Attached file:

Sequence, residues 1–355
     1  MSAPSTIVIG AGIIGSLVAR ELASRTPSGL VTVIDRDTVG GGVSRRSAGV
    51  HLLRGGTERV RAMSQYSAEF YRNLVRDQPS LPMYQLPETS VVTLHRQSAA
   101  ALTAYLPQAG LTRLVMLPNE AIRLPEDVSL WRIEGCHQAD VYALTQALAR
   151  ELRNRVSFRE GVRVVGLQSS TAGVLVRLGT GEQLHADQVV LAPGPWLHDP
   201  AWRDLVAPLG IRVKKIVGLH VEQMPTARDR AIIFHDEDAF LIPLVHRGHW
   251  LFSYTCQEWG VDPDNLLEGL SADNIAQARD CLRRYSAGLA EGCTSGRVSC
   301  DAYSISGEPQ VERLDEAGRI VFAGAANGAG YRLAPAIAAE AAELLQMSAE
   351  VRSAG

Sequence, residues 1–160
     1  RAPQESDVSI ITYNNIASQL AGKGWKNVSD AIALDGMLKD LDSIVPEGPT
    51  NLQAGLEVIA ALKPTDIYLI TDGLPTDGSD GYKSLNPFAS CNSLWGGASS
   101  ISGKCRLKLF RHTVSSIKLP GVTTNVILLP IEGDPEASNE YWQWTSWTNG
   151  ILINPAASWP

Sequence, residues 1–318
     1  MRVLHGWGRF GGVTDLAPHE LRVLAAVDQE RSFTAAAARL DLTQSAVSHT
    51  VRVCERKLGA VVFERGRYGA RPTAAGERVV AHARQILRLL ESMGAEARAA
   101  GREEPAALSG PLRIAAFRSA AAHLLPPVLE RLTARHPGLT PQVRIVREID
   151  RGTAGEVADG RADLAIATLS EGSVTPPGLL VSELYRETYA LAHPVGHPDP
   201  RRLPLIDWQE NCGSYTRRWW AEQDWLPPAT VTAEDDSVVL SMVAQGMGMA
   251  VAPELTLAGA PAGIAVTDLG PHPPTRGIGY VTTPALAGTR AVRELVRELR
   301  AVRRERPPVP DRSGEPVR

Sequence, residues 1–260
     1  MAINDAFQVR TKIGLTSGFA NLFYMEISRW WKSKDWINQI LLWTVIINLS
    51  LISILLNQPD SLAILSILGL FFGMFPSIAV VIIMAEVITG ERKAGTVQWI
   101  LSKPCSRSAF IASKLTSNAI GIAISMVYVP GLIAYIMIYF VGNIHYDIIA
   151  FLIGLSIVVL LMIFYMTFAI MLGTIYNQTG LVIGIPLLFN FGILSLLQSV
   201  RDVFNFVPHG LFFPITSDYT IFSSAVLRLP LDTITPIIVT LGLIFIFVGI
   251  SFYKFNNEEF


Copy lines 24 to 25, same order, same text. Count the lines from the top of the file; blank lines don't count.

     1  MAINDAFQVR TKIGLTSGFA NLFYMEISRW WKSKDWINQI LLWTVIINLS
    51  LISILLNQPD SLAILSILGL FFGMFPSIAV VIIMAEVITG ERKAGTVQWI